Jean Sylvestre (Haitian, 1957–), Visit of the Magi, 2013. Recycled steel. No. 6 from a cycle of seven in the Westbrook Building, Duke Divinity School, Durham, North Carolina. Photo: Victoria Emily Jones.
Flight into Egypt by Jean Sylvestre
Jean Sylvestre (Haitian, 1957–), Flight into Egypt, 2013. Recycled steel. No. 7 from a cycle of seven in the Westbrook Building, Duke Divinity School, Durham, North Carolina. Photo: Victoria Emily Jones.

Duke Divinity School also owns a fourteen-piece Stations of the Cross cycle by Jean Sylvestre, which is often displayed in the nave of Duke University Chapel during Lent.

“For the Nativity” by John Heath-Stubbs + choral setting

Shepherds, I sing you this winter’s night
Our Hope new-planted, the womb’d, the buried Seed:
For a strange Star has fallen, to blossom from a tomb,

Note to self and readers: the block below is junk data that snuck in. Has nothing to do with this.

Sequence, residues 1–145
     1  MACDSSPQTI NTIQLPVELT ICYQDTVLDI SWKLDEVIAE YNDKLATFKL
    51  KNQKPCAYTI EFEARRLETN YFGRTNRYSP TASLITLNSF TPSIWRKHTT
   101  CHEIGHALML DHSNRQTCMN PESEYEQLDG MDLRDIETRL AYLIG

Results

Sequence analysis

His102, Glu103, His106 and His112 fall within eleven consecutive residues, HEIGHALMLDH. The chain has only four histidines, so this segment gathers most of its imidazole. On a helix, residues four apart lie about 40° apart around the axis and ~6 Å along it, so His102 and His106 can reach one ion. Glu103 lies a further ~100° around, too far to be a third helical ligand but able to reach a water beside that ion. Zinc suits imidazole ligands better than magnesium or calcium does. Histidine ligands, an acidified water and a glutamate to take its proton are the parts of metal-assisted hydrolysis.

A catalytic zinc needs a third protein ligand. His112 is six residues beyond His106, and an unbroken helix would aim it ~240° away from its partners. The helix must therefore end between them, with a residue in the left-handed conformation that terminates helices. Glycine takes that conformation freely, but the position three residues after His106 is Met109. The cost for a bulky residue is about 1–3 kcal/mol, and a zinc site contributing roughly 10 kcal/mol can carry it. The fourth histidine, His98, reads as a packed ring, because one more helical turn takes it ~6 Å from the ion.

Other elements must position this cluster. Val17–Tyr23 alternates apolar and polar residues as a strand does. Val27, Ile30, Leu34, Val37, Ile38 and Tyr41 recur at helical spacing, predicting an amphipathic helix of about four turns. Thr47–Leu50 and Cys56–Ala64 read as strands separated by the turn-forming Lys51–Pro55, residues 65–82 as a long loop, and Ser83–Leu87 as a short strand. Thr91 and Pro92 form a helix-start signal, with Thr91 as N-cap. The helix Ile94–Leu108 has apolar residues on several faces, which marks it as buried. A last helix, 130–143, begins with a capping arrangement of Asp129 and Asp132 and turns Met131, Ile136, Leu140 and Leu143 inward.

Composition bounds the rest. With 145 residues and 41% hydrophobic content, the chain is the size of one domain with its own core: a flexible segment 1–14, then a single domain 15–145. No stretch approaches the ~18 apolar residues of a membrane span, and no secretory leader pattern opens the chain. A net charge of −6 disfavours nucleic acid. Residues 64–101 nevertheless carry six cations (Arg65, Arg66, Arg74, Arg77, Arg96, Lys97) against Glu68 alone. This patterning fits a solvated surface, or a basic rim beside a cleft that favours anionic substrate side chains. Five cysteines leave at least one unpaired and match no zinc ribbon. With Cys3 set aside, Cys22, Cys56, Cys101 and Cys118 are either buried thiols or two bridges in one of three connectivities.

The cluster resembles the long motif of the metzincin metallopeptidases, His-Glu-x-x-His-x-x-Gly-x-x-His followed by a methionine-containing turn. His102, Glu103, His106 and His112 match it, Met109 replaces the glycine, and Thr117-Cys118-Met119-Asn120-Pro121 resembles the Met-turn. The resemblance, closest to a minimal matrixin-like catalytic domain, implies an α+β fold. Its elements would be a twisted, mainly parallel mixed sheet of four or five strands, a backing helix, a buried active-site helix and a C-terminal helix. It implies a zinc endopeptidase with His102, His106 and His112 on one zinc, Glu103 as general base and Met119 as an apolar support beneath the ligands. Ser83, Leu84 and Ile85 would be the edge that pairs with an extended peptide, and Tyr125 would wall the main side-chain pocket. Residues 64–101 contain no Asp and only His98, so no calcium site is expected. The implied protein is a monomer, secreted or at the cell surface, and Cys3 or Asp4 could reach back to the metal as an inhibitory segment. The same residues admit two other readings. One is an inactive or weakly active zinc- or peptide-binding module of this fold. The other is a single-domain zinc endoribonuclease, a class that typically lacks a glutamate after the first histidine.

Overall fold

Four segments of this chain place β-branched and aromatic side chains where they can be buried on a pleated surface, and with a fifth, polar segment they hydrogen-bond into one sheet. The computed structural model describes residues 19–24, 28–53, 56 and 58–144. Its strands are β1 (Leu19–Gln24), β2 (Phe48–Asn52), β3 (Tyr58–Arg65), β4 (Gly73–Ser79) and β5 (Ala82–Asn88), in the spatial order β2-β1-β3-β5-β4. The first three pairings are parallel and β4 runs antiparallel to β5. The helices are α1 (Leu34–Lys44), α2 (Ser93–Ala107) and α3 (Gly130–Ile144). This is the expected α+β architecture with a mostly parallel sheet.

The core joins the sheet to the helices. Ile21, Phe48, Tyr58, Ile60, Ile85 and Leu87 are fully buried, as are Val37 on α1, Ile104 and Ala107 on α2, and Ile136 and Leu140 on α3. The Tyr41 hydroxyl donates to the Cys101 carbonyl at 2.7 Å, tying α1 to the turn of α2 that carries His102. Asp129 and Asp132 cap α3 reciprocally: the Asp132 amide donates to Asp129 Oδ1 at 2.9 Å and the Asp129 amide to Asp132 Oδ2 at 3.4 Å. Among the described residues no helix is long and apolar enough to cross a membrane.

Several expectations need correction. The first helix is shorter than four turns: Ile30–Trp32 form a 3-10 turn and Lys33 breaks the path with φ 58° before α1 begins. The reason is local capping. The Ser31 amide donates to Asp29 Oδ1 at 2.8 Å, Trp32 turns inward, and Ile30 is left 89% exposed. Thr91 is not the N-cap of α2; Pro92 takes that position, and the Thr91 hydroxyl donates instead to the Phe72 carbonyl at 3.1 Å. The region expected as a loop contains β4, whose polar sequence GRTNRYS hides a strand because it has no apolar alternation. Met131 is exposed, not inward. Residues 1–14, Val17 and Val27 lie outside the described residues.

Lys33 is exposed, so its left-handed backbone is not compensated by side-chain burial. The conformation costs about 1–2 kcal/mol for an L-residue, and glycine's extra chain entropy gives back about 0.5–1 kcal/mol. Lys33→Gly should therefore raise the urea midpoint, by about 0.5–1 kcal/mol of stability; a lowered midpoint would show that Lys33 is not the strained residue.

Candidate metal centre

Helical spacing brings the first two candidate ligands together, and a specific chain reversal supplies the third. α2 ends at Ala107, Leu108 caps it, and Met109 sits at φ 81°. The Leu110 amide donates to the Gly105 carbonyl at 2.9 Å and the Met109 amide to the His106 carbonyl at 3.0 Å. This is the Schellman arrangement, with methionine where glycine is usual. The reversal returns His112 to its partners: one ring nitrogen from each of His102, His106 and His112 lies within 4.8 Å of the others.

And infinite Godhead circumscribed hangs helpless at the breast.

Now the cold airs are musical, and all the ways of the sky
Vivid with moving fires, above the hills where tread
The feet—how beautiful!—of them that publish peace.

The sacrifice, which is not made for them,
The angels comprehend, and bend to earth
Their worshipping way. Material kind Earth
Gives Him a Mother’s breast, and needful food.

A Love, shepherds, most poor,
And yet most royal, kings,
Begins this winter’s night;
But oh, cast forth, and with no proper place,
Out in the cold He lies!

This poem is published in Collected Poems 1943–1987 by John Heath-Stubbs (Carcanet Press, 1988) and is reprinted here by permission of David Higham Associates.